Charles Church housebuilder Persimmon today kicked off what is set to be a grim results season for the sector after first-half profits slumped by nearly two-thirds.
The York-based firm, which said trading conditions were the most challenging in its recent history, has cut 2,000 jobs to cope with the downturn in the market.
Pre-tax profits for the six months to June 30 tumbled 64 per cent to £100.9 million.
While Persimmon said sales volumes had not slipped any further since its gloomy April update, it said the autumn selling season would give a clearer indication of prospects for 2009.
But it warned: "The current economic conditions, the uncertainties surrounding the general financial markets and mortgage availability will be defining factors in the return to a more normal housing market.
"Until we see an improvement in respect of these factors it is difficult to predict the short term future with confidence."
The number of homes sold by the firm fell almost a third to 5,501 over the period thanks to the slump in mortgage availability as lenders reined in activity following the credit crunch.
Chief executive Mike Farley said the proportion of its homes bought by first-time buyers had fallen from around 17 per cent to 10 per cent in the first half of the year.
"First-time buyers are the people who have been hit hard - we would say whatever the Government can do, do it for first-time buyers," he said.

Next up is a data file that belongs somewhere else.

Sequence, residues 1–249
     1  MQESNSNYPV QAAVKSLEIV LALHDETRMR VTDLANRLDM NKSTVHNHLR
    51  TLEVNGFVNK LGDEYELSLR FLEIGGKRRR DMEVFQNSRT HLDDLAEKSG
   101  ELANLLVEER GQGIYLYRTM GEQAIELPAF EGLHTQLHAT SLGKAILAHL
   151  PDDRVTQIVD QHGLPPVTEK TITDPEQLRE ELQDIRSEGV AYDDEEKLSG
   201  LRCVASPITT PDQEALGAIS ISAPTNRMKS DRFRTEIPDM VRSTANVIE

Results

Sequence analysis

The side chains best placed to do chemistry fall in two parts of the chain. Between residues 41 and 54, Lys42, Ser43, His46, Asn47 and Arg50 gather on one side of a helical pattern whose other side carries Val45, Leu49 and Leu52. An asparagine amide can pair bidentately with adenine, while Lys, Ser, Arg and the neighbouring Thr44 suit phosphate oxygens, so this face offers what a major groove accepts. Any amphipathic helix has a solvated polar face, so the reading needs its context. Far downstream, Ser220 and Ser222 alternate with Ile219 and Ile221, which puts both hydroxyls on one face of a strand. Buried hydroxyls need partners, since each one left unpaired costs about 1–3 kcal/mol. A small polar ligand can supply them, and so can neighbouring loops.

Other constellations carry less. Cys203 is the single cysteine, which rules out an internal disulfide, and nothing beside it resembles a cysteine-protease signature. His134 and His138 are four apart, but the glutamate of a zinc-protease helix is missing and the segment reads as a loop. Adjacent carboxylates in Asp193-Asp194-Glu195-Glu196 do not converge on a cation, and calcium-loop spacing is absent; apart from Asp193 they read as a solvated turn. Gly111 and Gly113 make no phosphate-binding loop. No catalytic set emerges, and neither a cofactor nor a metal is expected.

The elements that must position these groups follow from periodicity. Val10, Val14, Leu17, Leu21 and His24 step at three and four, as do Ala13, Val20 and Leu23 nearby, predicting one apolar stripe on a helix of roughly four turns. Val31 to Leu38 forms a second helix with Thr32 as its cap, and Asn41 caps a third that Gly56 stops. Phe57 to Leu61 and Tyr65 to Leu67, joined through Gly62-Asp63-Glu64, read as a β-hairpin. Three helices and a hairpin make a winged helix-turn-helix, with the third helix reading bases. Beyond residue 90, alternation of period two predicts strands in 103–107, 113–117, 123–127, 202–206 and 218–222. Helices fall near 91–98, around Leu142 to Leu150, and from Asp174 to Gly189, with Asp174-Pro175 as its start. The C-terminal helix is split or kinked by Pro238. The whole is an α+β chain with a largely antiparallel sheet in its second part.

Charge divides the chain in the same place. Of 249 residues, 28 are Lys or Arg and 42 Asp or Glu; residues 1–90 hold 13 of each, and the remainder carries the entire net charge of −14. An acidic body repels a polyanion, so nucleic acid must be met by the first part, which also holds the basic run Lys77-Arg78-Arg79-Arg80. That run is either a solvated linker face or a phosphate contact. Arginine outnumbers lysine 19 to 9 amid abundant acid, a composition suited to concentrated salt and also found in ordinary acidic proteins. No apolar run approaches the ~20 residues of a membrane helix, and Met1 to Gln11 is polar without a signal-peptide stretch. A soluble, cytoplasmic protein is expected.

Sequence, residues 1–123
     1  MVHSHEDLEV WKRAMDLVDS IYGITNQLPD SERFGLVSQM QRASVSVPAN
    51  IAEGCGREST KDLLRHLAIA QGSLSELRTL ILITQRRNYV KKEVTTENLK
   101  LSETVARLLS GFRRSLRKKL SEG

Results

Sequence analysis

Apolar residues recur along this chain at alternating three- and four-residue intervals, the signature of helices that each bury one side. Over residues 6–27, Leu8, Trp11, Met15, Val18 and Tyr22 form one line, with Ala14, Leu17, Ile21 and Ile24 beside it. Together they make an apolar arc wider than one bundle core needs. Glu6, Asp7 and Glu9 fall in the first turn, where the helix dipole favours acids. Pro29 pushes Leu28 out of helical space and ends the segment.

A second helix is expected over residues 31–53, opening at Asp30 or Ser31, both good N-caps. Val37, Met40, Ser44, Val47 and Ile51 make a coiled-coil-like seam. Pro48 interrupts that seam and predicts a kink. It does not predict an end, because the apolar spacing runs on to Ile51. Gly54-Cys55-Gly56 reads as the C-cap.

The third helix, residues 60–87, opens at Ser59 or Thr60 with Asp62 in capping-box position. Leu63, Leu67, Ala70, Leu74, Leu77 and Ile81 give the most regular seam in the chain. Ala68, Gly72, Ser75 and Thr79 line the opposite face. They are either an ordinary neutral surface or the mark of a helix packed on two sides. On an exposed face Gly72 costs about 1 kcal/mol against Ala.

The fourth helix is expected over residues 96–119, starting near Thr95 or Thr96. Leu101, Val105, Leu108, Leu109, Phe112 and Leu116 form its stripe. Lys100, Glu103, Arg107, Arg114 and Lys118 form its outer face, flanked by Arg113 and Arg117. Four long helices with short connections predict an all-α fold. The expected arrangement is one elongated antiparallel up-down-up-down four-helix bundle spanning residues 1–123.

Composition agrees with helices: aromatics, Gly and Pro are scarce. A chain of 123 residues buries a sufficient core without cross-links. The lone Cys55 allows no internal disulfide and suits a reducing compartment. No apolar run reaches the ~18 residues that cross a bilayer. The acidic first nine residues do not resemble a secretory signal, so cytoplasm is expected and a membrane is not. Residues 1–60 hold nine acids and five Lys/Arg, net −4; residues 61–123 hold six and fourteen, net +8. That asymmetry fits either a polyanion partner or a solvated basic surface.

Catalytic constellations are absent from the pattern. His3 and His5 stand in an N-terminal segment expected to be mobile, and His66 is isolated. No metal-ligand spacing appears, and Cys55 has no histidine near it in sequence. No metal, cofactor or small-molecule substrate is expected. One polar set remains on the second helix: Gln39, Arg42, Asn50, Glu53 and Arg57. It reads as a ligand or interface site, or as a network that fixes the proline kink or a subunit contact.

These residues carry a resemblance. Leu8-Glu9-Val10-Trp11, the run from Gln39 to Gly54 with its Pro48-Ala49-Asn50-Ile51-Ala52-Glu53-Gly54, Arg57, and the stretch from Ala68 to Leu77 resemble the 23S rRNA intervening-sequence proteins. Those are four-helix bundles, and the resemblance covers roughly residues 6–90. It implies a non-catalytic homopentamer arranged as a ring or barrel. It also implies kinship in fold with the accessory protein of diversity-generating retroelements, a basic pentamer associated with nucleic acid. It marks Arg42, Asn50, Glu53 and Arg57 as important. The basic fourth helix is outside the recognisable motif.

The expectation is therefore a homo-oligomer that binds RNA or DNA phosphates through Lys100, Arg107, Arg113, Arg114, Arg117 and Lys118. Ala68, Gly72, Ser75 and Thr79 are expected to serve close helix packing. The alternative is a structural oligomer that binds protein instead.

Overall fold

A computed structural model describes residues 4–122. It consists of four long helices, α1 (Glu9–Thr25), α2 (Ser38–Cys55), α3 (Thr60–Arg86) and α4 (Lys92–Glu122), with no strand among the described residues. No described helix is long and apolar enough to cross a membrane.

Mr Farley added that the business was now "well-set" to weather the downturn after the round of redundancies.
"I can't foresee the future but I can't anticipate any further job cuts at this stage," he said.
Persimmon's average selling prices fell 5 per cent to £181,485 as prices weakened, and the firm slashed its dividend pay-out to shareholders by almost three-quarters to reflect the difficult trading conditions.
But the company also voiced criticism over recent speculation of a Government suspension of stamp duty to help out the housing market - as those who were about to buy hold off to see if a tax break is introduced.
"The recent speculation regarding a change to stamp duty on housing transactions has undoubtedly caused further delay and uncertainty in respect of house purchases," the firm said.
Persimmon said it was pleased the Government was looking at measures to improve mortgage availability and said it looked forward to the confirmation of any moves "at the earliest opportunity".
The group has also written off £40 million due to falling land values but added that this represented just 1.5 per cent of its overall land bank.Reuse content